Multiple sclerosis (MS) is an autoimmune, T-cell-dependent, inflammatory, demyelinating disease of the central nervous system, with an unpredictable course. Current MS therapies focus on treating exacerbations, preventing new exacerbations and avoiding the progression of disability. However, at present there is no effective treatment that is capable of safely and effectively reaching these objectives. This has led to the development and investigation of new drugs. Recent clinical trials suggest that alemtuzumab, a humanised monoclonal antibody against cell surface CD52, could be a promising option for MS.
To assess the safety and effectiveness of alemtuzumab used alone or associated with other treatments to decrease disease activity in patients with any form of MS.
We searched the Trials Register of the Cochrane Multiple Sclerosis and Rare Diseases of the CNS Group (30 April 2015), which contains trials from the Cochrane Central Register of Controlled Trials (CENTRAL), MEDLINE, EMBASE, CINAHL, LILACS and the trial registry databases ClinicalTrials.gov and WHO International Clinical Trials Registry Platform. There was no restriction on the source, publication date or language.
All randomised clinical trials (RCTs) involving adults diagnosed with any form of MS according to the McDonald criteria, comparing alemtuzumab alone or associated with other medications, at any dose and for any duration, versus placebo or any other active drug therapy or alemtuzumab in other dose, regimen or duration. The co-primary outcomes were relapse-free survival, sustained disease progression and number of participants with at least one of any adverse events, including serious adverse events.
Two independent review authors performed study selection, data extraction and 'Risk of bias' assessment. A third review author checked the process for accuracy. We used the Cochrane 'Risk of bias' tool to assess the risk of bias of the studies included in the review. We used the GRADE system to assess the quality of the body of evidence. To measure the treatment effect on dichotomous outcomes we used the risk ratio (RR); for the treatment effect on continuous outcomes, we used the mean difference (MD) and for time-to-event outcomes we used hazard ratio (HR). We calculated 95% confidence intervals (CI) for these measures. When there was no heterogeneity, we used a fixed-effect model to pool data.
Three RCTs (1713 participants) fulfilled the selection criteria and we included them in the review. All three trials compared alemtuzumab versus subcutaneous interferon beta-1a for patients with relapsing-remitting MS. Patients were treatment-naive in the CARE-MS and CAMMS223 studies. The CARE-MS II study included patients with at least one relapse while being treated with interferon beta or glatiramer acetate. Alemtuzumab was given for 12 or 24 months; for some outcomes, the follow-up period reached 36 months. The regimens were (a) 12 mg or 24 mg per day administered intravenously, once a day for five consecutive days at month 0 and 12 or (b) 24 mg per day, intravenously, once a day for three consecutive days at month 12 and 24. The patients in the other arm of the trials received interferon beta-1a 44 μg subcutaneously three times weekly after dose titration.At 24 months, alemtuzumab 12 mg was associated with: (a) higher relapse-free survival (hazard ratio (HR) 0.50, 95% CI 0.41 to 0.60; 1248 participants, two studies, moderate quality evidence); (b) higher sustained disease progression-free survival (HR 0.62, 95% CI 0.44 to 0.87; 1191 participants; two studies; moderate quality evidence); (c) a slightly higher number of participants with at least one adverse event (RR 1.04, 95% CI 1.01 to 1.06; 1248 participants; two studies; moderate quality evidence); (d) a lower number of participants with new or enlarging T2-hyperintense lesions on magnetic resonance imaging (MRI) (RR 0.74, 95% CI 0.59 to 0.91; 1238 participants; two studies; I(2) = 80%); and (e) a lower number of dropouts (RR 0.31, 95% CI 0.23 to 0.41; 1248 participants; two studies, I(2) = 29%; low quality evidence).At 36 months, alemtuzumab 24 mg was associated with: (a) higher relapse-free survival (45 versus 17; HR 0.21, 95% CI 0.11 to 0.40; one study; 221 participants); (b) a higher sustained disease progression-free survival (HR 0.33, 95% CI 0.16 to 0.69; one study; 221 participants); and (c) no statistical difference in the rate of participants with at least one adverse event. We did not find any study that reported any of the following outcomes: rate of participants free of clinical disease activity, quality of life, fatigue or change in the numbers of MRI T2- and T1-weighted lesions after treatment. It was not possible to perform subgroup analyses according to disease type and disability at baseline due to lack of data.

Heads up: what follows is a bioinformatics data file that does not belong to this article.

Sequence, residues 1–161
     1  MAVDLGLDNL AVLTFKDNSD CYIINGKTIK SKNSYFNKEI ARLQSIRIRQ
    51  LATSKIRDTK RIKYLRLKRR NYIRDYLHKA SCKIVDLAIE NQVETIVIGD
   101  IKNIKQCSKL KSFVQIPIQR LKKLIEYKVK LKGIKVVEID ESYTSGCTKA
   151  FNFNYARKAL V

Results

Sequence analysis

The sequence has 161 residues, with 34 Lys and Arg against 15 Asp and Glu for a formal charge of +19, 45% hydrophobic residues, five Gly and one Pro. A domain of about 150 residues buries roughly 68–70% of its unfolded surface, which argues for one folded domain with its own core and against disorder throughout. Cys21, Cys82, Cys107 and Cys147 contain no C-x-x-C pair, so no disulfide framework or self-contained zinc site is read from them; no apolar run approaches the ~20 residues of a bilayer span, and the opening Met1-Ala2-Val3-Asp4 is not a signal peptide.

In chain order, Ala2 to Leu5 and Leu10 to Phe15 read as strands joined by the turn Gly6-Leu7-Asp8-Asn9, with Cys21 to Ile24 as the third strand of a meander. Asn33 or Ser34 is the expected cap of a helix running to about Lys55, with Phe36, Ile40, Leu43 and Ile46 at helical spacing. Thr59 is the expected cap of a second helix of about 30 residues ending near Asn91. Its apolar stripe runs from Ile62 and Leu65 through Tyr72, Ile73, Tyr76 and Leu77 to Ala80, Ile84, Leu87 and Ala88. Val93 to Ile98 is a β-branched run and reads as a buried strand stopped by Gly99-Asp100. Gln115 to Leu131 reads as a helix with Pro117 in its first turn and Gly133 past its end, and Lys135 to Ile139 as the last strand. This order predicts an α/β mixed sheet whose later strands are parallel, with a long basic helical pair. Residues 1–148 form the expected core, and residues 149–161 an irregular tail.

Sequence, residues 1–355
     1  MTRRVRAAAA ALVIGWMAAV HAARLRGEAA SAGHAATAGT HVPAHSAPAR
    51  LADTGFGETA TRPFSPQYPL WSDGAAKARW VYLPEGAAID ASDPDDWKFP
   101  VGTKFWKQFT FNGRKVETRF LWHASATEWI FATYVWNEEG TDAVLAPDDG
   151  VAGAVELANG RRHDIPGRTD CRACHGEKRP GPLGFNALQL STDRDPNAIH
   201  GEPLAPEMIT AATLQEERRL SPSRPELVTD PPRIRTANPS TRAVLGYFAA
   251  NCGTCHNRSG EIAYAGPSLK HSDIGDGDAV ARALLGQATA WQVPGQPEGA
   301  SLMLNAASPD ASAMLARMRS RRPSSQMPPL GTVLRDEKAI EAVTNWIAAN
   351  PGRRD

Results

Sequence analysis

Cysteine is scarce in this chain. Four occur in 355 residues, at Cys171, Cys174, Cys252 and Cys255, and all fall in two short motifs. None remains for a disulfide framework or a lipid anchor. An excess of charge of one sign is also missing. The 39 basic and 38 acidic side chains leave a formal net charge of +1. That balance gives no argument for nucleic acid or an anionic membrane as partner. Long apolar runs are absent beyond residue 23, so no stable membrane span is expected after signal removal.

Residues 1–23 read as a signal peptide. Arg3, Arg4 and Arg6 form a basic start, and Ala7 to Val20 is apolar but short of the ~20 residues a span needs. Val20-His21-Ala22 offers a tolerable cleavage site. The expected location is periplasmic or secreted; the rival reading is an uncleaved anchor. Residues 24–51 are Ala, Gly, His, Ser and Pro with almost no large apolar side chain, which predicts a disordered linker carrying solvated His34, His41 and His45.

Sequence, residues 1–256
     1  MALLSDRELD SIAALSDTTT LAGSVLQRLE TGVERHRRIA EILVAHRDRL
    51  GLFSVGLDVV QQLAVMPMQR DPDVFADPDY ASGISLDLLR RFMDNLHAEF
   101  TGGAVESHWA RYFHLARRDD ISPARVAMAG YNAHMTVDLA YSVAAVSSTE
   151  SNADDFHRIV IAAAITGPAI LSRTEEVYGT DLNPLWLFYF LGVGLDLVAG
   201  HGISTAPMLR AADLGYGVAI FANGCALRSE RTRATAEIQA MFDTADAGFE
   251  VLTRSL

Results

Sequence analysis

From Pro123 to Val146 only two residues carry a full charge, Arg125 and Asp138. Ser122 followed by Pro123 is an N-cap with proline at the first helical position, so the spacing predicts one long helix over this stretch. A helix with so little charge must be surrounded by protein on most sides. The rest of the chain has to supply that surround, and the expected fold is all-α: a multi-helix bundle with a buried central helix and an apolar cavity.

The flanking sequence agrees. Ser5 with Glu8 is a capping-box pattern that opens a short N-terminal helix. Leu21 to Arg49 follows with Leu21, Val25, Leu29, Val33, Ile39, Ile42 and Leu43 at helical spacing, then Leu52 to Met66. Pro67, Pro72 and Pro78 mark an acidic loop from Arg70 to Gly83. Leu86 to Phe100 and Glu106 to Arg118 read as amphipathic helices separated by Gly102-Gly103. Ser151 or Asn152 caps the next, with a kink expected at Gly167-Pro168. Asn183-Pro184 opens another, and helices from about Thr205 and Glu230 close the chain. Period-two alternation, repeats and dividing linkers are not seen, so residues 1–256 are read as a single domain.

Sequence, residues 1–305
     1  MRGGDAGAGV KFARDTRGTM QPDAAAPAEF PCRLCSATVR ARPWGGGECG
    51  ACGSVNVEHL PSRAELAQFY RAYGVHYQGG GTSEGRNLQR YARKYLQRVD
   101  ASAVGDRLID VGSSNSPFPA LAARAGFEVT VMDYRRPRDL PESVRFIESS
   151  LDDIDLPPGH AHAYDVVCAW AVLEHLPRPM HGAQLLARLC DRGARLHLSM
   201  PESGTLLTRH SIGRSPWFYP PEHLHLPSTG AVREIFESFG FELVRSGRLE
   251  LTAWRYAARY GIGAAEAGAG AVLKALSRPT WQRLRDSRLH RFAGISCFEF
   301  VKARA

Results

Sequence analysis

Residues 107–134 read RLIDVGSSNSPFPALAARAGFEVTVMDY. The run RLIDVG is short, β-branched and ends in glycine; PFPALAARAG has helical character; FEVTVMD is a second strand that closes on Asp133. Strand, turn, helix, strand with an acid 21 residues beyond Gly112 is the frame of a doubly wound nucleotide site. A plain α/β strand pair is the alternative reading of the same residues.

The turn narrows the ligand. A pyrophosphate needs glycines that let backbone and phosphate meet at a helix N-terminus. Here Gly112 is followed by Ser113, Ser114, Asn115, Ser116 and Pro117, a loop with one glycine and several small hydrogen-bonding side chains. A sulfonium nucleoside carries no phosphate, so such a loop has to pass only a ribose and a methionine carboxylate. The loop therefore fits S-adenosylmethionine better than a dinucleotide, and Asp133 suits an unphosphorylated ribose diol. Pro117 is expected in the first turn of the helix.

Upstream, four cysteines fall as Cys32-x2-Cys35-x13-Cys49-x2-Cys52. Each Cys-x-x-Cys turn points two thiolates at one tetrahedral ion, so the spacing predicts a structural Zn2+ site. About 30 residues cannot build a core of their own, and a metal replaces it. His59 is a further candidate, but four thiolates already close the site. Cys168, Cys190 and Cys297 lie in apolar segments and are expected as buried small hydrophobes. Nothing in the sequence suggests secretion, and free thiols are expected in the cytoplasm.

In patients with relapsing-remitting MS, alemtuzumab 12 mg was better than subcutaneous interferon beta-1a for the following outcomes assessed at 24 months: relapse-free survival, sustained disease progression-free survival, number of participants with at least one adverse event and number of participants with new or enlarging T2-hyperintense lesions on MRI. The quality of the evidence for these results was low to moderate. Alemtuzumab 24 mg seemed to be better than subcutaneous interferon beta-1a for relapse-free survival and sustained disease progression-free survival, at 36 months.More randomised clinical trials are needed to evaluate the effects of alemtuzumab on other forms of MS and compared with other therapeutic options. These new studies should assess additional relevant outcomes such as the rate of participants free of clinical disease activity, quality of life, fatigue and adverse events (individual rates, serious adverse events and long-term adverse events). Moreover, these new studies should evaluate other doses and durations of alemtuzumab course.